Renal replacement therapy in patients with HIV infection in a European region: outcomes following renal transplantation.


Conference Paper

INTRODUCTION: The prognosis of HIV infection has improved dramatically in patients with end-stage renal disease (ESRD). Thus, HIV infection is no longer an absolute contraindication for renal transplantation. METHODS: A cross-sectional study was performed to analyze the characteristics of HIV patients receiving renal replacement therapy (RRT) in September 2011, using data from the Registry of Renal Patients in Andalusia. A retrospective cohort study was also carried out, analyzing patients receiving kidney transplants in the era of highly active antiretroviral therapy. RESULTS: In Andalusia in September 2011, 8744 patients were on RRT; of these, 48 had HIV infection (prevalence 0.54%). The RRT modality was very different between HIV-negative and HIV-positive patients: renal transplantation 49.2% and 16.7%, hemodialysis 46.8% and 81.3%, and peritoneal dialysis 4% and 2%, respectively. The most frequent ESRD etiology was glomerulonephritis (37.5%). Twenty-seven (56.3%) had hepatitis C coinfection. Only three patients (7.5%) were on the waiting list for renal transplantation. From 2001 to September 2011, 10 HIV-infected patients received a renal transplantation (median follow-up 40.5 months). The initial immunosuppressive treatment included tacrolimus and mycophenolate without induction therapy. Only two patients presented acute rejection, both borderline and corticosensitive. All remain alive and the graft survival was 100% in the first and third years posttransplant. We compared demographic and comorbidity variables between patients transplanted or included on the waiting list (n = 12) and patients excluded and never transplanted (n = 36). We found differences only in the ESRD etiology (higher incidence of glomerulonephritis in excluded patients). CONCLUSIONS: Renal transplantation is safe in correctly selected HIV-infected patients. The number of patients on the waiting list is very small. This may reflect the high comorbidity but it is also possible that these patients are still not being assessed systematically for transplant in all centers.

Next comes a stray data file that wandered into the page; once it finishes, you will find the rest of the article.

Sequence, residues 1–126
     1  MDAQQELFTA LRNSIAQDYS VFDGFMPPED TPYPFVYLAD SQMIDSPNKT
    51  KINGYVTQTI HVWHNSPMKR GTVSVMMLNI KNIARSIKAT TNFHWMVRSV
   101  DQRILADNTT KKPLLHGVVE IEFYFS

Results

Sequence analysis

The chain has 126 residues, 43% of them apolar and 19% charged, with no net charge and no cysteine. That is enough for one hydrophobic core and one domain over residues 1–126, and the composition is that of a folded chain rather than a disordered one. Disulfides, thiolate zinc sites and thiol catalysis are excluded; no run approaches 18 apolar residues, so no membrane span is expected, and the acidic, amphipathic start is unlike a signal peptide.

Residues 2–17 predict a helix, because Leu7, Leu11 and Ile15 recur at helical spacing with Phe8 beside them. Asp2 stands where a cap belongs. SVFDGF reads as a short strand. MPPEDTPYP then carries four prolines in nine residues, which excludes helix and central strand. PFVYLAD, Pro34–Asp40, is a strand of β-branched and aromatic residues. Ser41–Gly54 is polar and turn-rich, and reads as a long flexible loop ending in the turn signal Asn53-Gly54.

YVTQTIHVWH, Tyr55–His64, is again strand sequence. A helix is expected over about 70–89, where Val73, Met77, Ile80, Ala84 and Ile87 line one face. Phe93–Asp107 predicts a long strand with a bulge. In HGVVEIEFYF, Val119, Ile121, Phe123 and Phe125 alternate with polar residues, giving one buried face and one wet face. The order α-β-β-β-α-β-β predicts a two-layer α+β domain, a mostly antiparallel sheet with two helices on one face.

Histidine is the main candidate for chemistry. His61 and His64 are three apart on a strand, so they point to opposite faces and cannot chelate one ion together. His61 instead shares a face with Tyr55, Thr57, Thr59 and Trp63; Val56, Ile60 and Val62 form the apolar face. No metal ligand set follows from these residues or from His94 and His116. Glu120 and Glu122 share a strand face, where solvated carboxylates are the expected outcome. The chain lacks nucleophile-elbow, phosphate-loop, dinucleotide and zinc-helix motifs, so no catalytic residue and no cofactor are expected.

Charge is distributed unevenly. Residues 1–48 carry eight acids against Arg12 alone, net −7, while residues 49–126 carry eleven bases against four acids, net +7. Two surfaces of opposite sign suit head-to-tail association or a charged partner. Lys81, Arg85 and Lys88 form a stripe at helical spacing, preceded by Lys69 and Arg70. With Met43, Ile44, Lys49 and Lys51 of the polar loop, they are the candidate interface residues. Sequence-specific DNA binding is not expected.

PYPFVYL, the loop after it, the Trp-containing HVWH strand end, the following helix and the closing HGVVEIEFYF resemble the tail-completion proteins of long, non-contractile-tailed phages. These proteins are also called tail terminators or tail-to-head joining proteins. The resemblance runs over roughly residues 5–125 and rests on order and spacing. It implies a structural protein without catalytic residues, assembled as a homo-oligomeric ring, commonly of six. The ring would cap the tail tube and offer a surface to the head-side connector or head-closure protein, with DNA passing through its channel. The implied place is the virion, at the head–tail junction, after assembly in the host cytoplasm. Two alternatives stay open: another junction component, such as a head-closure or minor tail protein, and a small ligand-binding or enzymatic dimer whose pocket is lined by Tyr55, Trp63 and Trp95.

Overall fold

Full Text

Cited Authors

  • Mazuecos, A; Rodriguez Benot, A; Moreno, A; Burgos, D; Aguera, M; Garcia Alvarez, T; Hernandez, D; Navarro, D; Castro, P

Published Date

  • September 2012

Published In

Volume / Issue

  • 44 / 7

Start / End Page

  • 2053 - 2056

PubMed ID

  • 22974907

Pubmed Central ID

  • 22974907

Electronic International Standard Serial Number (EISSN)

  • 1873-2623

International Standard Serial Number (ISSN)

  • 0041-1345

Digital Object Identifier (DOI)

  • 10.1016/j.transproceed.2012.07.082